Contract Killing


I decided to go guest star heavy this week to cover up the overall weakness of the humor. Those who complain that IFTL is "only marginally law related" may be pleasantly surprised with our offering this week, though that pleasantness will turn into despair when they realize that the jokes aren't even funny within the legal context. But hey, if a state government can act incrementally in keeping unsafe operators out of public transportation, I can act incrementally in bringing more legal humor into my goddamn comic strip. That may be a local government, actually. I haven't really done much Con Law studying yet.

Anyway, enjoy the strip while you can, because I may be sued for likeness rights at any moment.

First final is on Tuesday. Hey, "first final" is kind of an oxy moron, right? Like "red buttons."


Holohan, you're slipping. That's not a R.A.P. problem at all. However, this was perhaps the most enjoyable strip in recent memory. Keep the law related strips coming.

your subtlety radar is off, kaplan. any time you use generic terms like "daughter" or "son" or "widow" in a conveyance you run into afterborn problems. using a name establishes the grantee as a life in being and kills any R.A.P. difficulties. so the professor is making an R.A.P.-style objection to a regular old contract, whence comes the comedy. sort of.

And how about those presidential middle names! Those are even more thrilling than RAP debates!

What are you getting at here, Bleh?

Allow me to explain, Steve:
1. You and Matt: brilliant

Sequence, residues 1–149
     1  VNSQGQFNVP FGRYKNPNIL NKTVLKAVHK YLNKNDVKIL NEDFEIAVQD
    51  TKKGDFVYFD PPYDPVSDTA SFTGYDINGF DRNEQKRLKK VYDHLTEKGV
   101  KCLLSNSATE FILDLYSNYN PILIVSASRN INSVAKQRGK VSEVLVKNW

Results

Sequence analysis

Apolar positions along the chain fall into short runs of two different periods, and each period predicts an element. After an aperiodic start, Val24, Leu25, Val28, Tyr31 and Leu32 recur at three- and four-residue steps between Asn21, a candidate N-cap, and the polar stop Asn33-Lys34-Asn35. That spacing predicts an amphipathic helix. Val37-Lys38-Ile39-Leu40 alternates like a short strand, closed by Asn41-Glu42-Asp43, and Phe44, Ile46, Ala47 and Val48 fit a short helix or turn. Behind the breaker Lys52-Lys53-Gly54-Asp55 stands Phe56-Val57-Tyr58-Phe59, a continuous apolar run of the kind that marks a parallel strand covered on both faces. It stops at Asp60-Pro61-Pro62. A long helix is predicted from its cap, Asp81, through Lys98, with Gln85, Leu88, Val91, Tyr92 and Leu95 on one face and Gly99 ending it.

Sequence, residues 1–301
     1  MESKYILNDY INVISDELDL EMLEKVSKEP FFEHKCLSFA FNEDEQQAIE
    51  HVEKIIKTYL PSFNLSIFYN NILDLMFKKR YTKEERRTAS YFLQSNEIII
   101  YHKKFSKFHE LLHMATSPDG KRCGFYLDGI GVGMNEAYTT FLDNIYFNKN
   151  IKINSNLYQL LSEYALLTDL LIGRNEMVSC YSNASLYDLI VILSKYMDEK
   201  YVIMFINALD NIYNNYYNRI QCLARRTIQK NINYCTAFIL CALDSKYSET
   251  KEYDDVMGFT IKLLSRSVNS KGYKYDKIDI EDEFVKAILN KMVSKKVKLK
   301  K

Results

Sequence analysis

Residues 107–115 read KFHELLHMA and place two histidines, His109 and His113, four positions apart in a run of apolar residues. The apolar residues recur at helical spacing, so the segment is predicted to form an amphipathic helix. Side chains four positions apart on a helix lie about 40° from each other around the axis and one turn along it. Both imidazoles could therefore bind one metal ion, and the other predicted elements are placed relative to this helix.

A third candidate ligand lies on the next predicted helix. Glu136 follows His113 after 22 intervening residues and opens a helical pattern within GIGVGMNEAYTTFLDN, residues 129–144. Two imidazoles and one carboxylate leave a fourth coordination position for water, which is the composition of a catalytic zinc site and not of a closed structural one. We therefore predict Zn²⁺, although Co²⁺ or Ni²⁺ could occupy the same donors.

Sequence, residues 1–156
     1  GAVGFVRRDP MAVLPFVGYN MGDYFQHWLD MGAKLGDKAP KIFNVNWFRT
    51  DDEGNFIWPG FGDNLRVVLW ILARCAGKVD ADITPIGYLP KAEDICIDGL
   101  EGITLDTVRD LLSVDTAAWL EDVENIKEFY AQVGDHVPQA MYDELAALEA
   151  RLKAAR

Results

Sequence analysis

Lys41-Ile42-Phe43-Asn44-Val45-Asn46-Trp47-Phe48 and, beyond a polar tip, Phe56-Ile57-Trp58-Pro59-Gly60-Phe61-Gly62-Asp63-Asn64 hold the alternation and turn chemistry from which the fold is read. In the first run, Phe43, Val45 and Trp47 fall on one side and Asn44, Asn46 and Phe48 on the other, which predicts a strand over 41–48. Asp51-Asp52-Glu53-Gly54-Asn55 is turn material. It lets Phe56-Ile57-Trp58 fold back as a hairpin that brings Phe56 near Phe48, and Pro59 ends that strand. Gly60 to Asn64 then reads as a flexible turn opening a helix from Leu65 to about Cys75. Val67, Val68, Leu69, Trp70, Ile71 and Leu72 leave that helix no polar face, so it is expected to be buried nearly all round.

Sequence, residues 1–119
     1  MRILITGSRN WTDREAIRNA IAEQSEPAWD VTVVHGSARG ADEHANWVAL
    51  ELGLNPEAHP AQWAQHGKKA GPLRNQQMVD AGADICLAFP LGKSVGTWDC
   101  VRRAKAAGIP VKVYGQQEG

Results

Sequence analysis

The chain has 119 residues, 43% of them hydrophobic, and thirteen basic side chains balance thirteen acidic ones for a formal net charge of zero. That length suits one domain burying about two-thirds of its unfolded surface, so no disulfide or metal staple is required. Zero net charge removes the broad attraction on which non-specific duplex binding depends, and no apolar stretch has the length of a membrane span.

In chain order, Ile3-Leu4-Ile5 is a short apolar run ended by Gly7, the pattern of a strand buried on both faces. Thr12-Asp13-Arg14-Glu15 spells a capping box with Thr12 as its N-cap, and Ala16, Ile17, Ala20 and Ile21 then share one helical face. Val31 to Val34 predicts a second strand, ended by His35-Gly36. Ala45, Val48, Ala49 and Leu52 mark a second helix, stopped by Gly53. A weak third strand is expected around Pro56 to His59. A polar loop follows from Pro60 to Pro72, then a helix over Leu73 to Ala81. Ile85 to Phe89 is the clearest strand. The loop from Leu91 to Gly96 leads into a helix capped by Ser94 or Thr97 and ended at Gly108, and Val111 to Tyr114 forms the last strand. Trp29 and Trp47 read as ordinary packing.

2. You and Matt: eccentric
3. Conversations between you and Matt: scintillating
4. Conversations between you and Matt overheard by a non-law student 3rd party: bewildering

actually, i don't think arguments about the rule against perpetuities are scintillating on anyone's meter. but i do get a little thrill every time i use the phrase "contaminated by afterborns." tee hee.

I would like to humbly point out to the author of this weeks comic strip that there is, in fact, a contracts dilemma that arises when the professor does not include the name of his daughter in his offer. All the material terms have not been specified. Of course, this is only a problem if the professor has more than one daughter which is not clear from the facts but suggested by the female professor's concern.

All names have been left out to protect the innocent. I did greatly enjoy, however, seeing these professors in cartoon form. Excellent work.

first of all, SHOW YOURSELF!!! at least via e-mail.

second of all, the contracts final was yesterday, and i'll be DAMNED if i'm going to entertain any more contracts talk until i start reviewing for the bar.

just kidding, employers! give me your contracts! i will draft and interpret the hell out of them! and like it!

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This page contains a single entry by hb published on April 28, 2003 12:23 AM.

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